# (Off Season) Blinking LED Problems

I am having a problem with some LED’s that I am using for a backlight (they draw less power for my project). The LED’s are powered by a 5V regulator then into a 10 ohm resistor then paralleled together with a common ground. The LED’s work fine for about seven hours then they begin to blink (fail). Any ideas or solutions?

What color light are the LEDs? That’s important.

As a first guess, even if they are white or blue, your 10 Ohm resistor is not enough. You are overpowering the LEDs, causing them to fail.

Asuming 3.5 volt operating voltage at 20 mA, you need to drop (5.0 - 3.5 = 1.5) volts. To do that, R = V/I = 1.5 / 0.020 = 75 Ohms. I’d use the next size larger, for just under 20 mA. You can re-do the calculations with the manufacturer’s specs (voltage, current) for the LEDs you’re using. (Or just go to the Panasonic site and find something equivalent).

Don

What is the regulator powered by? you may wish to hook a multimeter to the LED leads and see if it is the LEDs which are doing this or if it is your power supply ( the regulator needs a heat sink?).

-Mike

Alex,
A little more info please…Is the 5 volt regulator getting hot to the touch? Can it survive the 5 second rule? (can you hold your finger on it for five seconds?) Typical 7805 type regulators have thermal and over current protection which cause them to shutdown or scale back on current under certain conditions. How many LEDs are you trying to power? Also, as Don has pointed out above, the resistor may be sized wrong. I like to use the rule of thumb of 2 volts drop across a standard LED and a 20 ma forward current for calculating the series resistor for one LED. Under these conditions, a 150 ohm resistor is the calculation. Standard values of 120 or 180 should work fine. If you are paralleling all the LEDs than you need to modify the resistor for the parallel current. If you are using a super brite white or blue LED these may have up to 4 volts forward drop and the calculation needs to be modified for those particular devices. Know the beast you are dealing with.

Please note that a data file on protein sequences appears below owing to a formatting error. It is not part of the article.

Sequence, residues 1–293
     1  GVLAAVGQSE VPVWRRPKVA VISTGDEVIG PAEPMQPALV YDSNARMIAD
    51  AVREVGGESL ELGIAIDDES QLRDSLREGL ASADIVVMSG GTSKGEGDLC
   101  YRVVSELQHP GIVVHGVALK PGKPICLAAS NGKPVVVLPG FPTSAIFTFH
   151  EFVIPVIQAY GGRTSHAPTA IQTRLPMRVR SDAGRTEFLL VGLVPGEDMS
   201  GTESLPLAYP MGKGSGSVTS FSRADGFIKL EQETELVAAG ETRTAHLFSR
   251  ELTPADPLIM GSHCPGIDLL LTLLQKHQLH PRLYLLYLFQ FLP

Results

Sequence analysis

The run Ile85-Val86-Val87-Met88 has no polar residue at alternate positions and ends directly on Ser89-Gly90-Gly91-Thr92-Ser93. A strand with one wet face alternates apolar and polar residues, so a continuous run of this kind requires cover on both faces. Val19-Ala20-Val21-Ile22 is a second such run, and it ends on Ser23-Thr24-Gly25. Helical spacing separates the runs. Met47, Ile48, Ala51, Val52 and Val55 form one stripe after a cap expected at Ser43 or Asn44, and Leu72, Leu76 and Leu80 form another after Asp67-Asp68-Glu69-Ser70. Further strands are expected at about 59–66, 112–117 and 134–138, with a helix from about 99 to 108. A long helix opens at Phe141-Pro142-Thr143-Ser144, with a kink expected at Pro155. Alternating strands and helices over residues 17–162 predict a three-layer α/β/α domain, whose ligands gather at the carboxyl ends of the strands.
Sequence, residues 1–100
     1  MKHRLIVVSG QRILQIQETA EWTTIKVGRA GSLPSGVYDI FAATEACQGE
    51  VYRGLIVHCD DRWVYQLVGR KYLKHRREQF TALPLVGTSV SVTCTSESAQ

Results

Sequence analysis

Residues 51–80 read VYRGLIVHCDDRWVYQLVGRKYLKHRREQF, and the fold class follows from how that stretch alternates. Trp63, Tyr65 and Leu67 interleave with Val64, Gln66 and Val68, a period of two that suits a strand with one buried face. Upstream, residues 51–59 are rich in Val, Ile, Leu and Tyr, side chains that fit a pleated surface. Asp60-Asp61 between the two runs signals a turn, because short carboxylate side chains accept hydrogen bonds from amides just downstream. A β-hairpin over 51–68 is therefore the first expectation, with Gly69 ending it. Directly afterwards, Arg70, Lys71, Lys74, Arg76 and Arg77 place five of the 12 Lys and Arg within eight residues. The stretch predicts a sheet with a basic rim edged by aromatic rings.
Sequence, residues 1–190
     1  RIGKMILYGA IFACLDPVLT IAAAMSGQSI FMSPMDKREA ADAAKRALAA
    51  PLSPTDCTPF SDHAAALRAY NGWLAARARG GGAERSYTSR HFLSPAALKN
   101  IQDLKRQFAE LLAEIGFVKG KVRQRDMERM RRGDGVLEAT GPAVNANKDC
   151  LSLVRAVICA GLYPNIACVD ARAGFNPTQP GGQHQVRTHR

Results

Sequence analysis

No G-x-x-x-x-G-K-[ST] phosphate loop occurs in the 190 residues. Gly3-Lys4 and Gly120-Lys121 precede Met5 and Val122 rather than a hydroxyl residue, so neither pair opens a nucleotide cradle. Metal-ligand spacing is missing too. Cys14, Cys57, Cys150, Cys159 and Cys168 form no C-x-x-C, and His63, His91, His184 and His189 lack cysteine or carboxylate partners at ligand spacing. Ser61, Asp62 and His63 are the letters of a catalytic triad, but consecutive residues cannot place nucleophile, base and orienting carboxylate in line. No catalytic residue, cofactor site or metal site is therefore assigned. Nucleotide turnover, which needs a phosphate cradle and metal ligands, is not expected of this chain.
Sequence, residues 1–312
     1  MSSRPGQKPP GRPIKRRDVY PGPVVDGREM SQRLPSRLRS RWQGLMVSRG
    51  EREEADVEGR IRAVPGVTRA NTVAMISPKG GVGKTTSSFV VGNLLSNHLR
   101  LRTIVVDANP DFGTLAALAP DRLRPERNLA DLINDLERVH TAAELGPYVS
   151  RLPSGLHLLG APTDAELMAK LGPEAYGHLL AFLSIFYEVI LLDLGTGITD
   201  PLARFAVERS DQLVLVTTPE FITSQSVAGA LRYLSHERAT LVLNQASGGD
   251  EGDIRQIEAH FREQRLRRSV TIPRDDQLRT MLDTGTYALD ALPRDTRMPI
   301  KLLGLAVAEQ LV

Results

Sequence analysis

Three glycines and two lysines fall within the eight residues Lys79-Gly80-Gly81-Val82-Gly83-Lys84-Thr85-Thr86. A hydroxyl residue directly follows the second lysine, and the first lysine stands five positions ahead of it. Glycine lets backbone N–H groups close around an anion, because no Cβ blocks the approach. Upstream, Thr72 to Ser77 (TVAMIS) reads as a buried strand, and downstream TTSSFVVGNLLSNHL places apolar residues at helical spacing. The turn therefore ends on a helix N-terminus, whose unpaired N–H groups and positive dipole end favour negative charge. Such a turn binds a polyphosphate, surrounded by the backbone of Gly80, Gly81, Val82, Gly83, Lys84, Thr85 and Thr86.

Putting LEDs in parallel is rarely a good idea. Any slight discrepancy in voltage drop among them will cause the current to go primarily through the one with the lowest voltage, and a shared current limiting resistor will not have the desired effect.

How many LEDs are you using, and what voltages are available to you? Put as many in series as you can, and use multiple sets of series-connected LEDs each with its own resistor.

Thanks to everyone for all the help, I will try the series circuit and the higher ohm resistor (in different trials). Thanks!